According to the 2000 Census of Population and Housing, black Bermudians hold more BA degrees than their white counterparts.
Nine hundred and forty four (944) BA degrees where held by black Bermudian female, 718 by black Bermudian males, 586 by white Bermudian males and 447 by white Bermudian females in 2000.
On what page in the 2000 Census of Population and Housing does this information exist? The only information available for Bermudians by race and education level suggests University level education (a degree), not a ‘BA’. Some of us busted our butts for Bachelor’s of Engineering Science, not Bachelor’s of Arts, a little recognition would be appreciated.
Anyway, the numbers suggested for a ‘university’ education place black Bermudians at 1752 for black males and 1541 for white males. As for females, they’re pegged at 2697 for black and 1570 for white. All this can be found on page 130 of the 2000 Census of Population and Housing. Where the above numbers from BNN came from is unknown.
Then they quote a mysterious government press release (we know how we feel about those) that apparently was only released to BNN as it hasn’t been published on the government website. The report is suggested to have stated:
“It has long been an erroneous perception that blacks in Bermuda did not possess the same educational qualifications as whites. That perception was used to explain the apparent lack of progress of blacks into senior and executive managerial positions in the workplace.”
Again, a BA is not the same as a BESc. Let’s be certain what we’re talking about here.
Statistics for Masters Degree follow a similar pattern, with 479 held by black women, 201 by black men, 108 by white women and 105 by white men.
Right, but this is only masters degrees and your comparing numbers provided today with ones from the 2000 census. How about a little consistency? While you’re at it, how about breakdowns of doctorates, bachelors and even types of bachelors. It then goes to use this as a basis of comparing median incomes which is completely uncorrelated.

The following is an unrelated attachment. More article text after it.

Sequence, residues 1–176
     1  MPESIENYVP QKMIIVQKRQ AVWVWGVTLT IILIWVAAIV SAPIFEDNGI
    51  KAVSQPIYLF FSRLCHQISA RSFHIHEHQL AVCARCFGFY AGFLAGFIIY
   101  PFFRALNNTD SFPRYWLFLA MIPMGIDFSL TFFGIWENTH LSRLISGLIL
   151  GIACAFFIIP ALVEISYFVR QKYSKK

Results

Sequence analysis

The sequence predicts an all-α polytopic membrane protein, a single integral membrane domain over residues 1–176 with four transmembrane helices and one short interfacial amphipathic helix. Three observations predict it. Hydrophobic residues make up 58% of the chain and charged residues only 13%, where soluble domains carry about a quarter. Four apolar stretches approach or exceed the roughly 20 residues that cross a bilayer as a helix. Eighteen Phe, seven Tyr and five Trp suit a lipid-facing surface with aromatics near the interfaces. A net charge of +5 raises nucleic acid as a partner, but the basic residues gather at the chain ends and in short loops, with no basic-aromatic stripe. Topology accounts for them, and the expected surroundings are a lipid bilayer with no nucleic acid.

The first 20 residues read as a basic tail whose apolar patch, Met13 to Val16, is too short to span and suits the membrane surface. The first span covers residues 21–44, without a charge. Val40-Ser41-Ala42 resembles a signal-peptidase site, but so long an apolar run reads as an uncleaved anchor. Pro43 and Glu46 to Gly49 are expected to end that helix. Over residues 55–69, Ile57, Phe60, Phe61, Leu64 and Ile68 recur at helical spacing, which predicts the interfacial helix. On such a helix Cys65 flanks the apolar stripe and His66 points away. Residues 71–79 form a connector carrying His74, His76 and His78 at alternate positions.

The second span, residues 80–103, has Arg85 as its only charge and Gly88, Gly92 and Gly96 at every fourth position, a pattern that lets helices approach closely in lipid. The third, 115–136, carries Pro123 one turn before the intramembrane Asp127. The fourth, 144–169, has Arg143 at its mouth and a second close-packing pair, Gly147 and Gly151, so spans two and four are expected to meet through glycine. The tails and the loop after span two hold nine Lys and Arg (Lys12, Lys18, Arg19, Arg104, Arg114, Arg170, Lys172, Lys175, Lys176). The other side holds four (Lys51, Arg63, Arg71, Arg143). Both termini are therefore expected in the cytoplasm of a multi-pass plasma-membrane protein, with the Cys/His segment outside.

There is, however, a significant difference between the races regarding education and income.
The press release said: “What is evident from the chart is that at either level of education, the white and other race employees recorded the higher level of median monthly income than black employees with the same level of education. At the college degree level, white and other employees took home a median monthly wage of $4,111 while black employees reported a take-home wage of $2,964.
First, how do we jump from quoting a statistic for Master’s Degrees to one for college degree’s? Are we comparing college (Associate’s) degree’s to university (bachelors) or college to college? Is this comparing black vs. white Bermudians or blacks vs. whites overall. This mistake has been made in the past so it’d be helpful to know we’re comparing apples to apples here.
“Ironically, the chart also demonstrates that white employees with no formal certificates were earning a higher median income than black college degree holders at $3,147. Black employees with no formal certificate made a median monthly income of $2,333.”
Could this press release be forwarded to the general public please, perhaps with supporting statistics? It’d be great to know where these median incomes by degree level are calculated. Again, black vs. white alone isn’t helpful, we need to know if this is Bermudian only or encompassing all workers with the reasoning being that if the median incomes for Bermudians overall at the degree level (specific type of degree that is) are lower than non-Bermudians regardless of whether race is considered could point to a much larger problem beyond simply race.
Finally, the article uses these discrepancies as justifications for the Racial Equity Law.
The proposed Workforce Equity Legislation would make employers accountable for establishing work equity plans in an effort to address systemic discrimination.
However, nowhere in the draft Workforce Equity Act are income disparities mentioned nor accounted for. It only states that employers must create plans to rectify under-representation of Black Bermudians, not under-compensation, so how can the draft act be used as justification against unfair income levels?
It just doesn’t add up.